Africa Oil and Marathon are currently drilling an appraisal well on the Sala gas discovery in the Anza Graben Basin onshore Kenya, which will benefit other explorers with acreage just south of this, including UK-listed Afren Plc, UK-listed Tower Resources and Taipan Resources Inc, which has two onshore blocks in key basins. If these explorers come up with their own first find, it will be a superior risk-reward scenario.

In the Ogaden Basin, the market will certainly take notice of Afren's new estimates late last month that a large under-explored sub-basin, El Wak, contains up to 6.65 billion barrels of oil. If this estimate is accurate—and it comes in well above partner Taipan Resources' earlier estimates of about a quarter of that—they would be looking at the largest onshore target ever drilled anywhere in Africa. Later this year, Afren will be conducting seismic surveys to further define El Wak's potential, and investors will be watching closely.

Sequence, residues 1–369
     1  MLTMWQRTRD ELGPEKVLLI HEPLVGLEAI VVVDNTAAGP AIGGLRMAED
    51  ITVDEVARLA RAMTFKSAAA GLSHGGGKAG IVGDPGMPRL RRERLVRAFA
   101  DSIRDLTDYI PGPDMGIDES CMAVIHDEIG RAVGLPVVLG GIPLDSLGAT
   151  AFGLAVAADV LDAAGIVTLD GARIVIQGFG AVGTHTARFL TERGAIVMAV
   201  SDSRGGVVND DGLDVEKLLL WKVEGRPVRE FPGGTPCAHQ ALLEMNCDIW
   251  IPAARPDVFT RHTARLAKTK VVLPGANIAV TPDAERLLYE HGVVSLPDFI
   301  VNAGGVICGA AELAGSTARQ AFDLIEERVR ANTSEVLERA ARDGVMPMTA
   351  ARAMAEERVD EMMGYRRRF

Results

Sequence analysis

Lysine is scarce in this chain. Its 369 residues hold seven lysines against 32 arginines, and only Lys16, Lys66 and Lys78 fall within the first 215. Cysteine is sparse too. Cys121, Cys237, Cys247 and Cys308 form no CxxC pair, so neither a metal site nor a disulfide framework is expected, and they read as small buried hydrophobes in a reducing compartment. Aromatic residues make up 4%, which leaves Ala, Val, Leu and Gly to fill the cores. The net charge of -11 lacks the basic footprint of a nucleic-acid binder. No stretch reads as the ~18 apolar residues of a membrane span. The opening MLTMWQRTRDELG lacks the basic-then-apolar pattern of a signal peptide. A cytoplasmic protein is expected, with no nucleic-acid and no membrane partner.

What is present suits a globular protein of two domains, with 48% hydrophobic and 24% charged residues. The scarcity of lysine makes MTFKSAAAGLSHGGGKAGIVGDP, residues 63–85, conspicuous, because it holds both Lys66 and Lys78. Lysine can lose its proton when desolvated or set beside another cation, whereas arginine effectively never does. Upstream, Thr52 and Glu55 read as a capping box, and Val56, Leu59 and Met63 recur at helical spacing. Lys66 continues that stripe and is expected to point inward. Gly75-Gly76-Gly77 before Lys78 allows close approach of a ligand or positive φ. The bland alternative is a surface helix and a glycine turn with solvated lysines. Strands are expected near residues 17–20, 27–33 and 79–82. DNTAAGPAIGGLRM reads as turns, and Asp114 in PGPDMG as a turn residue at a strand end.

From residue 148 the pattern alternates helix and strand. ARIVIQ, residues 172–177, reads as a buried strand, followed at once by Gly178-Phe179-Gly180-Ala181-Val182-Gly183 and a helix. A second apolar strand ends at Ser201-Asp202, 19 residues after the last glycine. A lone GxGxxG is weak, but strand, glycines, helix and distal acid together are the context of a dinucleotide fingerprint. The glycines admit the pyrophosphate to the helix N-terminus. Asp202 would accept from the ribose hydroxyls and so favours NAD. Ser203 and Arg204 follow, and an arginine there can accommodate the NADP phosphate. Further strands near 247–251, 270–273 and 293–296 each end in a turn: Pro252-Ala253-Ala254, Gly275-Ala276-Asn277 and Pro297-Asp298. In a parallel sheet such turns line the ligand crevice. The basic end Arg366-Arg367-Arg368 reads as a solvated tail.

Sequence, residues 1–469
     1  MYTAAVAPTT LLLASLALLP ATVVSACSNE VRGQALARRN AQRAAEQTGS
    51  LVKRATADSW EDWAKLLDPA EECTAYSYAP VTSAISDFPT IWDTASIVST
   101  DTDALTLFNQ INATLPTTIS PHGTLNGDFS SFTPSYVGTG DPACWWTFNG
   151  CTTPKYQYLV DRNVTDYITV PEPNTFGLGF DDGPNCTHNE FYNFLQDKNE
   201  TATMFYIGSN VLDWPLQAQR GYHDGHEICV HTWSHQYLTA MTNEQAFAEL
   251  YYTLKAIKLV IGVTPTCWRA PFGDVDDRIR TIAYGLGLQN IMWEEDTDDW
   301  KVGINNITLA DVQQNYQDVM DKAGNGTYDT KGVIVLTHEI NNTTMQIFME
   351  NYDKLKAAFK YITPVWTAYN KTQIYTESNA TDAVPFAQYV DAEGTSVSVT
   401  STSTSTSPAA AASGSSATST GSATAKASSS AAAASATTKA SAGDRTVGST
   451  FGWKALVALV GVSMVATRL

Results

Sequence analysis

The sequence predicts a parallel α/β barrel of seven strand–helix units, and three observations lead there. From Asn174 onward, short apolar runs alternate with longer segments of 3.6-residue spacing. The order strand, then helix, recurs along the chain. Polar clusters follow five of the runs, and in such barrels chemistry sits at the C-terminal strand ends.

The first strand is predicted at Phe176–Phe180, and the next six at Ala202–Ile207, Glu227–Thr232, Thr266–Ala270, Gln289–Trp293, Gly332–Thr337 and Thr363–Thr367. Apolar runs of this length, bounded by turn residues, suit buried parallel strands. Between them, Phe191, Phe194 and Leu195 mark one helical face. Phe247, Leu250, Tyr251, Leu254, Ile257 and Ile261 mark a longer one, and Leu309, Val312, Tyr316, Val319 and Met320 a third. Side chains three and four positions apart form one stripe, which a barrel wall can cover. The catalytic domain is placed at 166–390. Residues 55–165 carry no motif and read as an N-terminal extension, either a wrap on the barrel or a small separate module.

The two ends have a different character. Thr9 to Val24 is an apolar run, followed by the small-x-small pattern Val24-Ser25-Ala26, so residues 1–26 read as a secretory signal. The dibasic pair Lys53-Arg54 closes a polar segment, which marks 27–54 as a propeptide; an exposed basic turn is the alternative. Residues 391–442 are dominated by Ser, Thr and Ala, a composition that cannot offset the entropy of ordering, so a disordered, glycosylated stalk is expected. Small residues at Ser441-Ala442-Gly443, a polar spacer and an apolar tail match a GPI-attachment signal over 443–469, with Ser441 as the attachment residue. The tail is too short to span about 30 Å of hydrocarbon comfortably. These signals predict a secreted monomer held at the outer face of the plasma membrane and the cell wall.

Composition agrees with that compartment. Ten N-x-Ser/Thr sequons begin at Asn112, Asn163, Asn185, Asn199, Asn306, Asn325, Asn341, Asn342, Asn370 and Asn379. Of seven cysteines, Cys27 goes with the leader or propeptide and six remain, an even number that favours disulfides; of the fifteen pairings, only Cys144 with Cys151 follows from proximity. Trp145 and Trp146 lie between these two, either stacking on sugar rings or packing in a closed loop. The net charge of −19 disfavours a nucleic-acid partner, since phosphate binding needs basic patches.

The bigger picture, though, is of an East African country that has the advantage over its neighbors due to a convergence of add-on factors, including infrastructure aims, relative stability and what appears to be a smarter use of natural resources to generate more investment and economic growth, according to Jennifer Cooke of the Center for Strategic and International Studies.

Among other planned infrastructure projects of a massive scale, discussions are under way for a pipeline from neighboring Uganda, which would pass through the South Lokichar basin and come close enough to some of the prime drilling areas that could be the site of Kenya's next discoveries.
The World Bank's approval in July of $50 million for the Kenyan government to boost its management and distribution of natural resource revenues, with an eye on long-term sustainable growth, has provided further confidence for developments in the region.